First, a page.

This is the companion Web Site of Bob Moler's Ephemeris radio program, which is broadcast Monday Through Friday on Interlochen Public Radio Stations. Interlochen Public Radio serves northwestern lower Michigan. The first Ephemeris program was broadcast June 1, 1975.

Click on the above link for live streaming audio from IPR.

Bob Moler's Ephemeris Blog contains transcripts and illustrations from the Ephemeris programs. They are generally released at 12:01 a.m. Eastern Time on the program play date.

NASA/JPL Solar System Ambassador

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Contact me at the email address at the bottom of this page to discuss star parties and presentations for schools, scout groups, and non-profit organizations.

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That being said, opinions expressed on this website are my own and not that of NASA or JPL


Ephemeris Radio Schedule Monday - Friday

Ephemeris air times (ET)

6:19 & 8:19 a.m. - News stations

7 a.m.- Classical stations

The Stations of Interlochen Public Radio

Classical:

WIAA 88.7 FM Interlochen
94.7 FM Traverse City

WIAB 88.5 FM Mackinaw City

News:

WICA 91.5, FM Traverse City

WLNM 89.7 FM Manistee

WHBP 90.1 FM Harbor Springs, Petoskey


Observing Weather in Northwestern Lower Michigan

Clear Sky Chart from Attilla Danko
NWS Traverse City Forecast.
Gaylord, MI Weather Radar.
Satellite Infrared Loop.
Canadian based Infrared Satellite (Michigan shows best in the Eastern Canada view)
GOES-East - Sector Views: Great Lakes - GeoColor

On this site – articles of interest for this month

A Hairy Constellation or a Tale of Two Clusters, May 2007

The Spring Cat - Leo March 2002

Looking Out May 2001

South Spring Skies April 2001

Exploring Spring Deep Sky Objects May 1997

The Skies of Spring (Spring constellations): May 1996


March 2019

Interested in learning more? If you live in northwestern lower Michigan check out the Grand Traverse Astronomical Society.

More information on visible planetary and other events are available on Bob Moler's Ephemeris Blog the day of the event. The blog contains Monday-Friday program transcripts, most with illustrations and additional information.

New Links: I dug through the IPR web archives and found these:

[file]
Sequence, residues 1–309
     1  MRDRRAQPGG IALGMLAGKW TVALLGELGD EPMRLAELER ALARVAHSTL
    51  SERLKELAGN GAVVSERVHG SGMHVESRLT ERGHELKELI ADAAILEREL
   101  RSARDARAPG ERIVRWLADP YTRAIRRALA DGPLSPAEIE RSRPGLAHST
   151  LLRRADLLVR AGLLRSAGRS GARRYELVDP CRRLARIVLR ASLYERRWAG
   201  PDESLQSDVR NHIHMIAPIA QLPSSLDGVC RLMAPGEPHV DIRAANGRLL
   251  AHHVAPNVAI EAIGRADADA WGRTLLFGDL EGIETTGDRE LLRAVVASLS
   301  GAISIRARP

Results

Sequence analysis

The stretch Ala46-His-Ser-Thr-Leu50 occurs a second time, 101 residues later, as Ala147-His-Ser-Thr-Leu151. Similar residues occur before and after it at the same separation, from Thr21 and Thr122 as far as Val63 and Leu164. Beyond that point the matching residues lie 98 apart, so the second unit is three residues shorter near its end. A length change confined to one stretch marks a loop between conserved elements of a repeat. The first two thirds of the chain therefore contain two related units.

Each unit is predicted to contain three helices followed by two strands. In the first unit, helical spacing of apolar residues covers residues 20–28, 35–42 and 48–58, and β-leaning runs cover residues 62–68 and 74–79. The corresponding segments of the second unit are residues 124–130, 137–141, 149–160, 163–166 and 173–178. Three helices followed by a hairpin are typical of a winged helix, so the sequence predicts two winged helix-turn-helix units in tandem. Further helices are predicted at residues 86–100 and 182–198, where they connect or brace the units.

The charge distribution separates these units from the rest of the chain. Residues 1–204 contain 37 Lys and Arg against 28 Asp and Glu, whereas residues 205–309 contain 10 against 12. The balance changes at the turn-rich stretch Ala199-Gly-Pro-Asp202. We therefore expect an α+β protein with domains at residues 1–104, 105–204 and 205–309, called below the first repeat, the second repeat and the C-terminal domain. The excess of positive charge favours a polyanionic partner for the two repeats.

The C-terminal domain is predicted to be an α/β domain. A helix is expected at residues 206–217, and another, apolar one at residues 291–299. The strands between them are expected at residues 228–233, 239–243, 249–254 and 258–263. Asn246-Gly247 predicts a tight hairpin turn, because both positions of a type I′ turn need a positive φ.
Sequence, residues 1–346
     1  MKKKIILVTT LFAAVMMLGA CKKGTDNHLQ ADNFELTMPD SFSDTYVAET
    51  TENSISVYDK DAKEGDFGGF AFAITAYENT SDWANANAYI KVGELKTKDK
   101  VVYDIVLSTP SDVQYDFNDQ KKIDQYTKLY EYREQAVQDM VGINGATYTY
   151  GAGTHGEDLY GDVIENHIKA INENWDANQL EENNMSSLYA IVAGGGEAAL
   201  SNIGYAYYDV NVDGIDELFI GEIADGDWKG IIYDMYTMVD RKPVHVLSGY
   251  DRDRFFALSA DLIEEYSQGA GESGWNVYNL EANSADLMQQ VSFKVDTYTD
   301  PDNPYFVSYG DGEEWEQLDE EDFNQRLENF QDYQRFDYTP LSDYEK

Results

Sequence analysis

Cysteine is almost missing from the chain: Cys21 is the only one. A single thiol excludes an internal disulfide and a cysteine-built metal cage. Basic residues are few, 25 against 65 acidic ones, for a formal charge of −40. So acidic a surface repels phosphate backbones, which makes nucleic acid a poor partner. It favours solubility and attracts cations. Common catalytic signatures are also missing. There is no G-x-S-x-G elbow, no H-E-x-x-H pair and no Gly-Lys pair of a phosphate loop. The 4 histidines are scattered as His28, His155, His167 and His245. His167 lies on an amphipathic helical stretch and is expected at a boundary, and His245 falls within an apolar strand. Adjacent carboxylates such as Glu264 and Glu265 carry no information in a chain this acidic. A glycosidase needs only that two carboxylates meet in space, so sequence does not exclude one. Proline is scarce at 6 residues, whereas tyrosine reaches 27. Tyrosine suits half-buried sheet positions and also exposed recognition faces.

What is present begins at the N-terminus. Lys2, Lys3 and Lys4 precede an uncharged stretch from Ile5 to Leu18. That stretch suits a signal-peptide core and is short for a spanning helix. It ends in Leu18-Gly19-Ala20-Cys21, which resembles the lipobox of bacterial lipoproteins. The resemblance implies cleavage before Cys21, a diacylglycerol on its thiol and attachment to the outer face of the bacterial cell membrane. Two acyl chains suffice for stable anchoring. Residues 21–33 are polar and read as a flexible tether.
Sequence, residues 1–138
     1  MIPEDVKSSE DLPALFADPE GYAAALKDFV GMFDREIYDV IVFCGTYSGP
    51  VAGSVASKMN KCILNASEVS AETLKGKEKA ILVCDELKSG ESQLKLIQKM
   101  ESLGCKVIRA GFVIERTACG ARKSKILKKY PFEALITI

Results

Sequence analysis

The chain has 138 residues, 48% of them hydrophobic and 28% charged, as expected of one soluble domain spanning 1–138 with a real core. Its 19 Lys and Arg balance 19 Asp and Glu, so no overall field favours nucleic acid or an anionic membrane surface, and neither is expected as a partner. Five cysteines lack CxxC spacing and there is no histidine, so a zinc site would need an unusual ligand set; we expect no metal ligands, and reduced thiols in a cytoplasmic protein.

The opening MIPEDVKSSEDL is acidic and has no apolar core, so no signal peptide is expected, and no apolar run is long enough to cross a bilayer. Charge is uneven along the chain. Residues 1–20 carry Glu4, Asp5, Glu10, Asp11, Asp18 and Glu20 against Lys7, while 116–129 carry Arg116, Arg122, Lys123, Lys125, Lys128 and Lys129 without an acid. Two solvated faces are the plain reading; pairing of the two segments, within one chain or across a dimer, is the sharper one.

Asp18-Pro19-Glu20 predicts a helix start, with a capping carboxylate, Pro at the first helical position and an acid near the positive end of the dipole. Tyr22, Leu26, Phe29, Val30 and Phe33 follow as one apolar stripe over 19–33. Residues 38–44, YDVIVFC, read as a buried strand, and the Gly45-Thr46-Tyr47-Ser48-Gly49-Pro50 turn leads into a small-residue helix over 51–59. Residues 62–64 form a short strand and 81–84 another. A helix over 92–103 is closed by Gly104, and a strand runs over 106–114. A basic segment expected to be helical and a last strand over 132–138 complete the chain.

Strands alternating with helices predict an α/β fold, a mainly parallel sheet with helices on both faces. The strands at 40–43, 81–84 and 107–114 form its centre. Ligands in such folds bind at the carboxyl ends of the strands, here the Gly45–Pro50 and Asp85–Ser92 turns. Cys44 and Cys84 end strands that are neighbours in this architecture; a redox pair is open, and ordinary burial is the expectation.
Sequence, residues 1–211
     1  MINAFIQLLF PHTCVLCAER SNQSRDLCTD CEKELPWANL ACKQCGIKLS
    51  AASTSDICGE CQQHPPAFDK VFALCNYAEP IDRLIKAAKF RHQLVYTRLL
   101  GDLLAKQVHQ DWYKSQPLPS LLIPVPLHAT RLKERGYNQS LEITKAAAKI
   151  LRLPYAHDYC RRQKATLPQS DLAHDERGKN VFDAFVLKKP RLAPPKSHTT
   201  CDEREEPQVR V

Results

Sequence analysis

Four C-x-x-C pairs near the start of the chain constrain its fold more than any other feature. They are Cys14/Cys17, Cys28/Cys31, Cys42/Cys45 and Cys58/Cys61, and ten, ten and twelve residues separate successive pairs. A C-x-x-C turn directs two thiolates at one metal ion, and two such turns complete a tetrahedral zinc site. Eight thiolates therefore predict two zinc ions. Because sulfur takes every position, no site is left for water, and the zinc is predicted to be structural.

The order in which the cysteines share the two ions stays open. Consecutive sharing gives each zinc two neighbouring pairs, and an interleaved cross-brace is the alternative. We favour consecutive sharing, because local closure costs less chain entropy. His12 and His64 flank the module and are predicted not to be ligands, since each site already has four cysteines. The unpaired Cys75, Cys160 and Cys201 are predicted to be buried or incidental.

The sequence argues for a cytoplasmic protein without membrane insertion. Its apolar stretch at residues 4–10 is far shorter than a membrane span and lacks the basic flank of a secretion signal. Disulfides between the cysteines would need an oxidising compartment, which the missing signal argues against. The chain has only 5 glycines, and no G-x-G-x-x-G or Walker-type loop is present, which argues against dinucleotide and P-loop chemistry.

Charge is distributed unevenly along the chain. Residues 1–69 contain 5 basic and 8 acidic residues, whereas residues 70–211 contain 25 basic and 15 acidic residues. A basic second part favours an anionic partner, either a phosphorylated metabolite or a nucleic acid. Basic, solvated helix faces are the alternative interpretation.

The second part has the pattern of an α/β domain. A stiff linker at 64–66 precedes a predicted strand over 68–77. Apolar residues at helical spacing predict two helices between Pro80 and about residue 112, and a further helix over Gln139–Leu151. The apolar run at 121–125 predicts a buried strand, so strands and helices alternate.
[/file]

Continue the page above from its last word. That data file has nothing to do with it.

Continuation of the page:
Bob Moler looks back at 40 years of 'Ephemeris'

I’m interviewed about all things astronomical prior to the August 21, 2017 eclipse. Photo, text, and audio.

Extra! My report on the Great American Eclipse. New: Added animated GIF of the sky at the totally eclipsed Sun, watching the shadow pass over.

Highlights for March 2019 (ET)

    Date   Local   Event
          Time    
Mar 1 Fr  1:23 am Moon South Dec.: 21.6° S
    1 Fr          Venus: 40.8° W
    1 Fr  1:40 pm Moon-Saturn: 0.3° S
    2 Sa  6:03 am Moon Descending Node
    2 Sa  4:28 pm Moon-Venus: 1.3° N
    4 Mo  6:25 am Moon Apogee: 406400 km
    6 We 11:04 am New Moon
    6 We  7:48 pm Neptune Conjunction with the Sun
   13 We  6:13 am Moon-Aldebaran: 2° S
   14 Th  6:27 am First Quarter
   14 Th  9:43 pm Mercury Inferior Conjunction with the Sun
   15 Fr  1:59 pm Moon North Dec.: 21.8° N
   16 Sa 12:22 pm Moon Ascending Node
   17 Su  9:01 am Moon-Beehive star cluster: 0.5° N
   18 Mo  7:59 pm Moon-Regulus: 2.5° S
   19 Tu  3:47 pm Moon Perigee: 359400 km
   20 We  5:58 pm Vernal Equinox
   20 We  9:43 pm Full Moon*
   26 Tu 10:28 pm Moon-Jupiter: 2° S
   28 Th 12:10 am Last Quarter
   28 Th  9:02 am Moon South Dec.: 21.9° S
   29 Fr  1:11 am Moon-Saturn: 0.1° N
   29 Fr  9:08 am Moon Descending Node
   30 Sa 11:08 pm Mars-Pleiades: 3.2° S
   31 Su  8:14 pm Moon Apogee: 405600 km
Apr 1 Mo          Venus: 34.6° W

NASA - SKYCAL - Sky Events Calendar by Fred Espenak and Sumit Dutta (NASA's GSFC) (with occasional annotations and additions)


* Note that Western Christian churches specify that Easter will occur the Sunday after the first full moon after the vernal equinox. However Easter will not occur on March 23rd . According to the rule the vernal equinox is set to March 21st.no matter when it actually occurs, so Easter will occurs after the full moon on April 19th, namely April 21st. The Eastern churches still use the Julian Calendar and a more complex formula to calculate the date of Easter.






Active Planetary Space Missions

We have a new location for information on planetary space missions. It's here at the Planetary Society. The chart is created by Olaf Frohn, and is updated every month.

Free Software

Stellarium is a fabulous planetarium program with a very realistic sky and simple controls.

They've added some features in the latest version (0.18.2) and and a new rendering engine that may not be compatible with computers more than a year or two old without using command line options. See the Stellarium User Guide (pdf) under Command Line Options for options to try. My older laptop requires -a. https://stellarium.org.

There’s also a web based version of Stellarium. It’s pretty much bare bones, but works much like the computer version. It’s located here: https://stellarium-web.org.

Cartes du Ciel (Sky Charts) is a great telescope companion. It can be downloaded from http://astrosurf.com/astropc/.

Virtual Moon Atlas is a great tool for reference at the telescope or desk. http://www.astrosurf.com/avl/UK_index.html.

Celestia is a great 3D simulator of solar system objects and beyond. http://www.shatters.net/celestia/

Hallo Northern Sky is an interesting planetarium program. It seems not as polished as Stellarium, but has some cool features. I use it when planning star parties as a quick way to see what would be visible because it loads quickly http://hnsky.org/


Years on the air: 43

Years on the Internet: 23



Email: bob@bjmoler.org

Updated: 03/03/19